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View Full Version : Two sides to sad Green story



Chiefster
05-26-2007, 05:36 AM
As much as I hate agree with :fatlock: and as much as I like Green I had to agree with this for the most part. I feel so dirty.



By JASON WHITLOCK

Columnist

In the interest of fairness, we should spend a day examining the Trent Green fiasco from Carl Petersonís and the Chiefsí perspective.
In 2001, when Peterson gave the Rams a first-round draft pick to secure Greenís services, Trent was an unproven, 30-year-old quarterback with 39 TD passes, 19 starts and a surgically repaired knee on his resume.
Based on the recommendation of Dick Vermeil, Peterson and the Chiefs took a flier on Green and made a huge, questionable commitment to a quarterback many pegged as the next Scott Mitchell, the Dan Marino backup who cashed in with the Detroit Lions and flopped.
Peterson backed up his commitment to Green in 2003, handing him a seven-year $50 million contract that included an $11 million to $12 million signing bonus. During his six-year career in Kansas City, itís safe to assume Peterson and the Chiefs paid Green $25 million to $35 million.
During that same time span, Peterson supported Green with Priest Holmes, Larry Johnson, Tony Gonzalez, Willie Roaf, Will Shields, Tony Richardson and Brian Waters, offensive players who could argue they were the best at their positions.
With the exception of finding Green a true No. 1 receiver, Peterson can proudly say that he aided Green in every conceivable fashion.
So where is Greenís loyalty to the Chiefs and Peterson?
Listen, I enjoy beating up on King Carl as much as anyone. Heís been in power much too long, and heís now clearly a detriment to building a Super Bowl-caliber team. Itís apparent that any success the Chiefs have in the future (and probably in the past, too) will be in spite of Peterson, not because of Peterson.
Having said that, given all that Peterson has done for Green and his family and given Greenís poor play last season, should Green really be at OTAs causing a major distraction?
You canít turn on ESPN or the NFL Network, click on the Internet or listen to talk radio without seeing/hearing Green or one of his representatives bash Carl Peterson and Herm Edwards.
Is Green truly a victim? Or has he been studying from Vivian Stringerís playbook?
Herm ďDonít Get It TwistedĒ Edwards said something very interesting Wednesday. He respectfully tried to put the Green situation in perspective.
ďRemember, there was a season last year,Ē Donít Get It Twisted said. ďWe keep forgetting that. We played a whole football season. I evaluated this team on the season ó how they played, every player. We lose sight of that right now, but we did have a season.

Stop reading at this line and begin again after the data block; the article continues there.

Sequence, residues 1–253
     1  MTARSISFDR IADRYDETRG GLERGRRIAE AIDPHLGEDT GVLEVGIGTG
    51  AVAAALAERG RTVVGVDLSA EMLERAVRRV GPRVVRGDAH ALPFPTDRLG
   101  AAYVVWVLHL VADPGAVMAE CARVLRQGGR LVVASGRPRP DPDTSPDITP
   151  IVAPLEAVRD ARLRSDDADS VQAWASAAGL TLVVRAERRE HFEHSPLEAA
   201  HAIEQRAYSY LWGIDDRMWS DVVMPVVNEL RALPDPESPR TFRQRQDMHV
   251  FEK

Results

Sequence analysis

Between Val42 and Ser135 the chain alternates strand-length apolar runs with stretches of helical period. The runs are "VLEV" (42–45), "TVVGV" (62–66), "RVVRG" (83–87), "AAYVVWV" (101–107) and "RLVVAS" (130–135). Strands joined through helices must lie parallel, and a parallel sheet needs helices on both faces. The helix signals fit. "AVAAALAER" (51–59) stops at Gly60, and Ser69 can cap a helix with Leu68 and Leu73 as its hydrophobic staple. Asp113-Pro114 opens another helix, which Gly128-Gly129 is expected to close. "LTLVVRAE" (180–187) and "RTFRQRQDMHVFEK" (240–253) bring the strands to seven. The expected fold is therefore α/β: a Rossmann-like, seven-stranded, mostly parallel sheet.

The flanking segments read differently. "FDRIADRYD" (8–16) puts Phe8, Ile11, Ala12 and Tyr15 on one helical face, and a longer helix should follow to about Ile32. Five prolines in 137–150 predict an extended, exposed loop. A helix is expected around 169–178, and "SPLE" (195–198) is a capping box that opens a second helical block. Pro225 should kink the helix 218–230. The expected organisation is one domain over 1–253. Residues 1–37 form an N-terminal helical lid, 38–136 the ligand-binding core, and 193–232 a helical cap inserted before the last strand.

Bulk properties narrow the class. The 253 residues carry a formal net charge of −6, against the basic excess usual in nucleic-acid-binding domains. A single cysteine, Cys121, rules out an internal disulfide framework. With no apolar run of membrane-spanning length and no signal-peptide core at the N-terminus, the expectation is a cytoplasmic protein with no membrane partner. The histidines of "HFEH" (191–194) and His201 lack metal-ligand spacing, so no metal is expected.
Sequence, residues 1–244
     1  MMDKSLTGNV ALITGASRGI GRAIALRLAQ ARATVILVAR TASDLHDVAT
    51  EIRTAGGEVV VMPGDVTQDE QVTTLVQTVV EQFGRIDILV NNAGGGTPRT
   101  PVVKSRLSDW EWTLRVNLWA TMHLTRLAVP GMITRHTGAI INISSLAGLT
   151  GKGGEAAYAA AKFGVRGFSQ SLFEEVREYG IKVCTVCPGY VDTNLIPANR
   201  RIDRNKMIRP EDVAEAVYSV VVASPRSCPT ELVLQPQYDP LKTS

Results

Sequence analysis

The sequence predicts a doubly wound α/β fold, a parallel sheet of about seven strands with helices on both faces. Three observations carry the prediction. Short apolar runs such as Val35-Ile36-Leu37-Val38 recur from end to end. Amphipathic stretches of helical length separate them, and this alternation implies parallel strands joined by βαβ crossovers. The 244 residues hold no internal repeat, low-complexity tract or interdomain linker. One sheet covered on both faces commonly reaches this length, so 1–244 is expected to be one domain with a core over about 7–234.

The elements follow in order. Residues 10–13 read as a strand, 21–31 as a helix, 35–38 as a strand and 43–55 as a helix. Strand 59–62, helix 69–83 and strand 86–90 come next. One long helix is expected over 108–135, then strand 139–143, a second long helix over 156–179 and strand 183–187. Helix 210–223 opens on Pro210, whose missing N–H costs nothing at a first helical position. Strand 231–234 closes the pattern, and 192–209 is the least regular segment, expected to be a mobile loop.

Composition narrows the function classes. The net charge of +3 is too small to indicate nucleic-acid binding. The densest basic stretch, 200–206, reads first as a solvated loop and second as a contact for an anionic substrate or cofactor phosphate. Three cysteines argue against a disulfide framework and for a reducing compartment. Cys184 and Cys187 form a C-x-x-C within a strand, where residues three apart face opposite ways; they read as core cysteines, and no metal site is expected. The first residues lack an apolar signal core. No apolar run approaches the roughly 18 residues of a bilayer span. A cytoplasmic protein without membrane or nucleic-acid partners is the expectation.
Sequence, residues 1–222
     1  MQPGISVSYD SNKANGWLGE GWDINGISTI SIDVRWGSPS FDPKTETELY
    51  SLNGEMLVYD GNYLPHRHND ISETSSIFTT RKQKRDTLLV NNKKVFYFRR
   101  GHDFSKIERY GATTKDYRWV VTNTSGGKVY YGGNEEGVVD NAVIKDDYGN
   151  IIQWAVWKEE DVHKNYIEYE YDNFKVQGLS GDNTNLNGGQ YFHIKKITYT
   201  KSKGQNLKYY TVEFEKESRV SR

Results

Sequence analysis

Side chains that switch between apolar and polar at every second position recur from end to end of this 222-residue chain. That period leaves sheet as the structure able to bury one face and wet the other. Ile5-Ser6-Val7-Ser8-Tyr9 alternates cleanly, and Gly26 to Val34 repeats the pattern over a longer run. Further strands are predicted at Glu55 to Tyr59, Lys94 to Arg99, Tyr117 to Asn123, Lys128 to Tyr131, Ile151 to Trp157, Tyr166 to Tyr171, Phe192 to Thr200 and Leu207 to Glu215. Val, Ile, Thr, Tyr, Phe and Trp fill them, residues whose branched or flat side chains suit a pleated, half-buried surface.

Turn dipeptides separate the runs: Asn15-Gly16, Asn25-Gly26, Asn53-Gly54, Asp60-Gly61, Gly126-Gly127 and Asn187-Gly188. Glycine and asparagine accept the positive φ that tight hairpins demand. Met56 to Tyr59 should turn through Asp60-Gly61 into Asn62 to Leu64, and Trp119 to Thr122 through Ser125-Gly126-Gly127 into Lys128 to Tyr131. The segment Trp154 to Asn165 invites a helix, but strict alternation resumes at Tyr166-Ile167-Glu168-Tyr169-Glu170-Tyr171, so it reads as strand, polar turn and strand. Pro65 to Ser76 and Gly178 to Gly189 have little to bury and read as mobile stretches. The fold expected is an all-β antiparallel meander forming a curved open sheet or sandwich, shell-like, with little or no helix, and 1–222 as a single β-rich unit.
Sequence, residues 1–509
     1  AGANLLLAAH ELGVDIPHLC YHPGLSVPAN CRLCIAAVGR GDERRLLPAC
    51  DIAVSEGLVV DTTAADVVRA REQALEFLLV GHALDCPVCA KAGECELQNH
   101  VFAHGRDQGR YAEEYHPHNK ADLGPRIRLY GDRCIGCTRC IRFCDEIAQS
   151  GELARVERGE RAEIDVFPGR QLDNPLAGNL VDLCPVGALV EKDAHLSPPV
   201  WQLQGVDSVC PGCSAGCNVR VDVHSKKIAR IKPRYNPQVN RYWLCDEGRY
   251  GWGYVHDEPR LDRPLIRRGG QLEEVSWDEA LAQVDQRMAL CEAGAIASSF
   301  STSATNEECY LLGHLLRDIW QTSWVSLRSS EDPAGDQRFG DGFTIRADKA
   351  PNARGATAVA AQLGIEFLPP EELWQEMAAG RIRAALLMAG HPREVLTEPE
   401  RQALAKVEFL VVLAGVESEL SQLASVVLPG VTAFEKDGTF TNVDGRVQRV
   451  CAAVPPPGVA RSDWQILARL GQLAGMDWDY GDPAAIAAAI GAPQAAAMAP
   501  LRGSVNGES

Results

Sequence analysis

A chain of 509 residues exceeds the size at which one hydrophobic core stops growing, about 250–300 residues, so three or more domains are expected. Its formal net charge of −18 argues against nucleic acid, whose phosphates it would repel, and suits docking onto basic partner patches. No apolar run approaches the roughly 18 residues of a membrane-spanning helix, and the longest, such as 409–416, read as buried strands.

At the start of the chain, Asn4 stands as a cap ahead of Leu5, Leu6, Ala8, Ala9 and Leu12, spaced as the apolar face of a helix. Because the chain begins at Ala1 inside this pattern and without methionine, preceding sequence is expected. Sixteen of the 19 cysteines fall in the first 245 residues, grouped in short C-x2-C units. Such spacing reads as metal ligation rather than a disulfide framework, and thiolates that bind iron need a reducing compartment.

ďThere are a lot of things said about a lot of people in these circles (media circles) who should be playing,Ē Herm continued. ďLetís get that straight, too, now. We get amnesia all of a sudden in the offseason. But we did play a whole football season. You (the media) evaluated this team as well as I did. Great thing about it is youíve got an opinion, but you canít make any moves. I can, and thatís what Iím trying to do. Iím trying to create competition at certain positions, and it will be fair at all positions.Ē
Let me translate all of that for you: Donít forget that Trent Green stunk last season, throwing nine interceptions and seven TDs. Donít forget that all of you in the media wanted me to play Damon Huard down the stretch, but I was loyal to Trent Green and all that heíd done for the organization the previous five years. Donít pretend like Iím not doing exactly what I should be doing, given how poorly Trent played last season. I canít promise Trent the job or even a fair competition given what we saw against Indianapolis. Iím not crazy.
Itís not pretty, but thereís a great deal of truth in what Herm tried to convey politely. Peterson and Herm have been loyal to Trent. They gave him market-value money, a good supporting cast, and they stuck with him over the objections of the media, many Chiefs fans and common sense last season.
Is it too much to ask of Trent Green to repay that loyalty by sitting quietly while Peterson tries to bilk the Dolphins out of a fourth-round draft pick or a veteran player who can help the Chiefs this year?
Does Green owe the Chiefs nothing?
Now, look, Iím on Trentís side, mostly because thereís a bigger issue at stake (Peterson needs to go), but there is a side to Carlís story. Letís be fair here. Green is acting spoiled and petulant. Heís failing to recognize that Peterson, Herm and Kansas City have been good to him, too.
As much as he says he understands the Chiefsí right to go in a younger direction at quarterback, itís obvious Green is upset by the decision. He wants to take his ball, go to south Florida and get as far away from Hermís wing-T offense as possible.
Peterson is so unlikable that Green has almost unanimous support from his teammates and the local media.
ďItís overrated,Ē Brian Waters said Thursday of loyalty in pro football. ďIíll be honest with you. This is a business. You can be loyal to a point, but after that point you have to do whatís best for you, because thatís what theyíre (the teams) going to do.
ďÖ. Trent Green is one of the best football players to ever play in this uniform. You want the best situation for him.Ē
Waters is a football player. I can understand his sentiment. As a fan, I want whatever gets Peterson fired. As a journalist, as much as it pains me today, Iím obligated to tell you both sides of the story.